Health chief Jenny Harries says people are TWICE as likely to die if they have coronavirus and flu at the same time compared to just Covid as she urges those eligible to get both vaccines
- Dr Jenny Harries said UK is facing ‘uncertain winter’ because of flu and Covid-19
- She said it is first time there will be large amounts of both diseases in circulation
- Said catching both means ‘you are twice as likely to die’ versus just having Covid
- She said the ‘real trick’ is for all eligible people to get flu and coronavirus jabs
People are twice as likely to die if they have coronavirus and flu at the same time as opposed to only having Covid-19, one of the UK’s leading health bosses has said.
Dr Jenny Harries, the head of the UK Health Security Agency, said the UK is facing an ‘uncertain winter’ because of the potential for people to catch both diseases.
She said the winter of 2021 will be the first time that flu has co-circulated in ‘real numbers’ alongside Covid-19.
She said the ‘real trick here is to get vaccinated’ as he urged people who are eligible to get both the Covid and flu jabs.
Dr Jenny Harries, the head of the UK Health Security Agency, said the UK is facing an ‘uncertain winter’ because of the potential for people to catch both diseases
Asked on Sky News how worried people should be about flu this winter, Ms Harries said: ‘Well, we should be worried about flu each winter.
‘I think people still don’t realise it can be a fatal disease and recent figures suggest that about 25 per cent of us don’t actually understand that and over the last five years about 11,000 have died with flu-related conditions.
‘But I think an important thing about this winter is we are likely to see flu for the first time in any real numbers co-circulating with Covid.
‘So the risks of catching both together still remain and if you do that, early evidence suggests that you are twice as likely to die from having two together than just having Covid alone.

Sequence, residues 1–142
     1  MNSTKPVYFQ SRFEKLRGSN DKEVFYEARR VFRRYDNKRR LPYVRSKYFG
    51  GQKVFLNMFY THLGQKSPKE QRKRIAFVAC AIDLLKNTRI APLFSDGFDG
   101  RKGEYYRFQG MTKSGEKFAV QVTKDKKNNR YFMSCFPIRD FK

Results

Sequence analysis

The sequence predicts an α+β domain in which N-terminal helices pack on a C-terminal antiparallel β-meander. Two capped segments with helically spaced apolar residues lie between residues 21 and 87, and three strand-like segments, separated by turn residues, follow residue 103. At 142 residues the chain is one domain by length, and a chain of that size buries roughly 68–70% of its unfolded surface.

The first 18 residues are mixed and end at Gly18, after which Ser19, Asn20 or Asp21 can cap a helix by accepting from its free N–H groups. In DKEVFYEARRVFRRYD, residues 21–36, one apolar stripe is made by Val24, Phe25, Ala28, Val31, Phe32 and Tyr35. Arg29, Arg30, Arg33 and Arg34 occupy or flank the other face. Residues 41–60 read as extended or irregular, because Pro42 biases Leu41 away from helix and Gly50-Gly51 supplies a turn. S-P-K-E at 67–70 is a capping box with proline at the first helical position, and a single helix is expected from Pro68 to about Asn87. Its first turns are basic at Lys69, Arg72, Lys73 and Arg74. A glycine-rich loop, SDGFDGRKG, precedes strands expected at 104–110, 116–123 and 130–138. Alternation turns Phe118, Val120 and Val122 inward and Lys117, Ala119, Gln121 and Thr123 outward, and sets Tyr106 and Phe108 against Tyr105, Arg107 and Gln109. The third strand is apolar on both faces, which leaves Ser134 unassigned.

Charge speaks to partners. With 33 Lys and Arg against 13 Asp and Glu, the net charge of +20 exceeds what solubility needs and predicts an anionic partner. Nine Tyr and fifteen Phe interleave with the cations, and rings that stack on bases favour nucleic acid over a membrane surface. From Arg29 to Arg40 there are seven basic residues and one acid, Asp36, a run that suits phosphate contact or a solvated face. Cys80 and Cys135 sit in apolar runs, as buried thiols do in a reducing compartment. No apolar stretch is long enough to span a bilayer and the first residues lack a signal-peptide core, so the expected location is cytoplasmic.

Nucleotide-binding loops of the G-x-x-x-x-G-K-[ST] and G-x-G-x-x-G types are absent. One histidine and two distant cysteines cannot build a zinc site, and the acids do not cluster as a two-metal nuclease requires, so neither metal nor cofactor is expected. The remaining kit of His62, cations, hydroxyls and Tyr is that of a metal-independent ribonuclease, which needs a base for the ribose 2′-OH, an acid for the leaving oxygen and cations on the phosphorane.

‘So I think it is an uncertain winter ahead. It’s not a prediction, it’s an uncertain feature but we do think that flu numbers have been lower in the previous year so immunity and the strength types are a little more uncertain.’
Explaining that this year’s flu could be made up of different strains, she said the vaccine being offered this winter is designed to protect against four of those.
She said: ‘We’ve got a pretty good array in our toolbox to try and hit whichever one becomes dominant but it could be more than one this year, and people’s immunity will be lower.
Ms Harries said the ‘real trick here is to get vaccinated’ as he urged people who are eligible to get both the Covid and flu jabs. A vaccination centre in north London is pictured on October 3
‘So I think the real trick here is to get vaccinated – in both Covid and flu – but obviously to continue to do those good hygiene behaviours that we’ve been practising all through Covid.’
The flu vaccine is available to people who are aged 50 and over as well as to those with certain health conditions.
The coronavirus booster vaccine is available to people aged 50 and over who have had a second dose of a Covid-19 jab at least six months ago.
Source: Read Full Article